Here is another form of diagrams, that can not be built in Excel. Generally, in most cases, you can live without it, but there are times when it can be invaluable.
Imagine: you want to compare 20 different cars on a number of factors: acceleration to 60 mph, horsepower, swept volume, buyers evaluation, and etc. All these criteria have different scales and units: seconds, horsepower, subjective evaluation from 1 to 5, liters … In such cases, there are two standard solutions:
- Draw a separate graph for each indicator; in this case you will not be able to compare one car with the other under all characteristics.
- Compose a table that takes a lot of time and attention to read
As a helpful solution, here is parallel coordinates where all scales are normalized:
Example above illustrates social-demographic analysis. In contrast to Excel, where we can fit only 3 axis (one on X and two on Y), there are no restrictions.
If there are less than 5-7 axis, they can be composed to make up a circle; similar meaning axis can be placed closer to each other. The example below is taken from www.Hiveplot.com — where you can find many interesting things. Its author Martin Krzywinski describes the possibility of using these diagrams in science (particularly in description of human genome). He calls these graphs — Hive graphs, and considers them applicable only for large data sets.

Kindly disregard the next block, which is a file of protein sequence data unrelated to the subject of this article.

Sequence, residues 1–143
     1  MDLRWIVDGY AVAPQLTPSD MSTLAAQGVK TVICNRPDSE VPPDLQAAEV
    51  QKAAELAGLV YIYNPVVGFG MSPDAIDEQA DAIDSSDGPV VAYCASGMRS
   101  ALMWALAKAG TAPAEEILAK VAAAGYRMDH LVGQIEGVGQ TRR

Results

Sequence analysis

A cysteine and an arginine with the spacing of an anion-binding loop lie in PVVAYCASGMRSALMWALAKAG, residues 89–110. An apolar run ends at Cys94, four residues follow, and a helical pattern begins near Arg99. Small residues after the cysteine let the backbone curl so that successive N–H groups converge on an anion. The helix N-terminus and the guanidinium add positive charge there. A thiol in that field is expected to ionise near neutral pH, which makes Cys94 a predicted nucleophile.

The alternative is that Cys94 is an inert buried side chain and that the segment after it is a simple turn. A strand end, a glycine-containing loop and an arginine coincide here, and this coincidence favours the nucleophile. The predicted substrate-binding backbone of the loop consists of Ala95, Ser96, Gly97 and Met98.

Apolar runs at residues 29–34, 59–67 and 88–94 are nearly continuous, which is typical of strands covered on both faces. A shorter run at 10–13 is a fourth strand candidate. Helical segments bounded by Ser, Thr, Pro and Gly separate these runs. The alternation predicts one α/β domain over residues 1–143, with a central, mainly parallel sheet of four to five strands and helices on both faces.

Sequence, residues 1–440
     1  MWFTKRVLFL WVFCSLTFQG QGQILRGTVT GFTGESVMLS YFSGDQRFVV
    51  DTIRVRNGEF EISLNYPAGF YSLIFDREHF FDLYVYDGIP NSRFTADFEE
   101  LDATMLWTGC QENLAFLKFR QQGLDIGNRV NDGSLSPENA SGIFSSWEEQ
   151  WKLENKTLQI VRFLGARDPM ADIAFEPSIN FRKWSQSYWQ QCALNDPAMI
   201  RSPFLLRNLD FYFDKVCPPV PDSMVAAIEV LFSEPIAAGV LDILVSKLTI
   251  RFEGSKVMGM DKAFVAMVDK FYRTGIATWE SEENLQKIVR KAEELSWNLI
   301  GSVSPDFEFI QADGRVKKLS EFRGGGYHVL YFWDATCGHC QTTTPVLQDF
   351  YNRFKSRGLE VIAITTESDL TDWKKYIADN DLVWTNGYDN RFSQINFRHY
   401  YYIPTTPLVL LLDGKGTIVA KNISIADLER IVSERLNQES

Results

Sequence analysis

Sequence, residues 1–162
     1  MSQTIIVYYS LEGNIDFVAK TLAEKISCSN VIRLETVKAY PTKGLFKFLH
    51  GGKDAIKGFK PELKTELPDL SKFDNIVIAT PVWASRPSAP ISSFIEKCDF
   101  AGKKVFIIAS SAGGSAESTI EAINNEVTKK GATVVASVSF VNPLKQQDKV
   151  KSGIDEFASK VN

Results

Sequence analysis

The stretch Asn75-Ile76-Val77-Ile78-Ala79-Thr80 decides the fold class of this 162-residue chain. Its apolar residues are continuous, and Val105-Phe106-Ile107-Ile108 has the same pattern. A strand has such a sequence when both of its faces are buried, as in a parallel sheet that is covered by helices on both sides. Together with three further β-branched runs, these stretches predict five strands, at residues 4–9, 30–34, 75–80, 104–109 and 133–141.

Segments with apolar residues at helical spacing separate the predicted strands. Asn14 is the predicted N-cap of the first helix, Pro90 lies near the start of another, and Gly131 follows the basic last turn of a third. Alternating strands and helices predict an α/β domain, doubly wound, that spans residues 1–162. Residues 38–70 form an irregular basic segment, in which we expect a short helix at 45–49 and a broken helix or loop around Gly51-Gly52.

Mathematical reasoning of these graphs is described in a book called «Parallel Coordinates.Visual Multidimensional Geometry and Its Applications.» First 50 pages are available here.
- There is a link to the tool on Hive Plot http://wodaklab.org/hivegraph/graph/index, but it looks a little too raw
- I also found a software for interactive visualization — Ggobi, and a reference to the parallel coordinates — http://www.ggobi.org/docs/parallel-coordinates/
- Infoscope — be sure to review
- Last but not least: recently, our beloved information design agency, Density Design, has announced the release of Fineo. They went beyond the previous resources and added thick lines, thus combining the parallel coordinates with Sankey. In addition, there is an option of building vertical and horizontal models. It looks just fine.
The only disadvantage is the format in which data is fed to the system. It’s a text file created by certain rules — the template can be downloaded here. But it didn’t help me much:) Nevertheless, we wish them good luck in automation of visualization tasks!